“crime is political. By this, I do not mean simply that politics inform public policies related to crime and punishment… I am arguing that crime is in itself an act of political agency. As historian Peter Linebaugh states plainly in his study of political economy and crime in eighteenth century England, “In short, people became so poor that they stole to live, and their misappropriating led to manifold innovations in civil society.” If political struggle is at its very core about survival (and I believe it to be), then crime is no doubt political. Although the practices of a criminal will not be as politically conscious or beneficial as those of a street protestoror community organizer, they nonetheless partake in the social antagonisms that giveform and shape to political and rhetorical subjectivity. While crime from a punitive standpoint enables myriad discourses of racial, gender, and class scapegoating, it similarly enables alternative discourses of criminal behavior from the perspective of, or on behalf of, the incarcerated and their communities.” (McCann 14-15).

In essence, crime is subjective and determined by the politics of our country. SOC shows that the subject of our nation is to constantly mark black men as criminals.

This movie also released at a critical political moment with the popularity of movement like Black Lives Matter and was able to show the younger generations the parallel issues from previous generations. If kids today weren’t versed in the lyrics of NWA before they are now and NWA is a huge icon in pop culture right now. (Just look at all the “straight out of____” T-shirt’s ). This recycling of political music and pop culture fueled activism today.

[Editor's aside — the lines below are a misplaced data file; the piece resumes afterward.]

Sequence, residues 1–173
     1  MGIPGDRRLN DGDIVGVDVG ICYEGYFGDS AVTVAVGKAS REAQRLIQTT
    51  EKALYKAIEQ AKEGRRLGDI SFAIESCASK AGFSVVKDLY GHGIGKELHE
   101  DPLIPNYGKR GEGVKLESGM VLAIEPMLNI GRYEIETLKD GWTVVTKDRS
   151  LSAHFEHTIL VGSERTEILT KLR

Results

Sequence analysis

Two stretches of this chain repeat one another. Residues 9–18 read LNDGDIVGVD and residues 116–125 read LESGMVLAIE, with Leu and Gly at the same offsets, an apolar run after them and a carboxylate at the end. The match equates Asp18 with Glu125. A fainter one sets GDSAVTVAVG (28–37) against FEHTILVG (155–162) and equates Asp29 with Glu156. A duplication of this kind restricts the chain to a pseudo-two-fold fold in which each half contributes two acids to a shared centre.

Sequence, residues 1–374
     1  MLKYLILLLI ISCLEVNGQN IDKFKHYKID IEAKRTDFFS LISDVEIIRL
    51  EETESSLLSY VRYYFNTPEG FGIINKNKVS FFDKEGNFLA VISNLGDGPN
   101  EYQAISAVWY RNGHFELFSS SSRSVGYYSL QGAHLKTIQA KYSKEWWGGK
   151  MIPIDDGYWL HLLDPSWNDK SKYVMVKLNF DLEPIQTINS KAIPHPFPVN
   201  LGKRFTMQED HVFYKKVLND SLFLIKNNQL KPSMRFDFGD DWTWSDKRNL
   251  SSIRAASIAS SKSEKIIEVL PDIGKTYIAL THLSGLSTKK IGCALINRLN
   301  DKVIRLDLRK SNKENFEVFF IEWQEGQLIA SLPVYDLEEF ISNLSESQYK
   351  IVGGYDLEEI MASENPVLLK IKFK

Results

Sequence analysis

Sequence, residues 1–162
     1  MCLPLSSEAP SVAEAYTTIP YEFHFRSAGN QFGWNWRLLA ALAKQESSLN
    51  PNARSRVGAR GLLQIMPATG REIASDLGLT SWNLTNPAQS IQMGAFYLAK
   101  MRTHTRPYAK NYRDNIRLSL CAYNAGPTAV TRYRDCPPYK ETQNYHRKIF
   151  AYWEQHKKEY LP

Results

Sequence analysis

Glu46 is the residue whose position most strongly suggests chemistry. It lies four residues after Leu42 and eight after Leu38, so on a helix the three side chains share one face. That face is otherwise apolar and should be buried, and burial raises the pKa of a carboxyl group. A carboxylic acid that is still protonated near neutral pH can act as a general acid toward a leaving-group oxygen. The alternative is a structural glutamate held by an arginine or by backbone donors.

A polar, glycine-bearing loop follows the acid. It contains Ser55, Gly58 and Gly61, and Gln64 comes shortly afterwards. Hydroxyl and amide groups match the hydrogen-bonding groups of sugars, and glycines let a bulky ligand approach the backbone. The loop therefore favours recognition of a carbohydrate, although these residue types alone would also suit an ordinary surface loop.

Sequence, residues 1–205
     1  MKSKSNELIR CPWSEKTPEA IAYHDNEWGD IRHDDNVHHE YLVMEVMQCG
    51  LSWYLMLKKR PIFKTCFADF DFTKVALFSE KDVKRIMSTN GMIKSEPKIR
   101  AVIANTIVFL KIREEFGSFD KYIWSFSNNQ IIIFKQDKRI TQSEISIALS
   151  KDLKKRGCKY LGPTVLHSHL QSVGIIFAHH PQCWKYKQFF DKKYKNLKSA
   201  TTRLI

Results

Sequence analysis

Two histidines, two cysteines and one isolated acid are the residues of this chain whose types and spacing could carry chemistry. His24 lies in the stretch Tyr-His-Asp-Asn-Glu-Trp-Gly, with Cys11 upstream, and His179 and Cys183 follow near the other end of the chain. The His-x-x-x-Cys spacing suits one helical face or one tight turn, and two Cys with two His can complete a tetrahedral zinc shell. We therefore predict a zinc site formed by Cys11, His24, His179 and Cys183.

Some important scenes from the movie I want to include,

The first scene included is one of the many examples in SOC of police brutality and profiling but I believe this one makes this most powerful statement because of the powerful dialogue of the black police officer. The scene ends with him saying “listen to your master” which is a stunning slave comment coming from a black man. The scene embodies the Fuck the Police lyric “black police showin out for the white cop”. The second scene I have included shows a perfect encapsulation of the two arguments for rap as a representation of black youth I previously spoke about.

On the subject of the music I think that NWA sells authenticity. McCann speaks a lot about this idea that in order for rap musicians to be successful they have to be gangster and this means their music gets progressively more violent as validation. While their music is full of political commentary because crime is political I believe the majority of NWA’s songs center around violence and degradation of society, women, and homosexuals.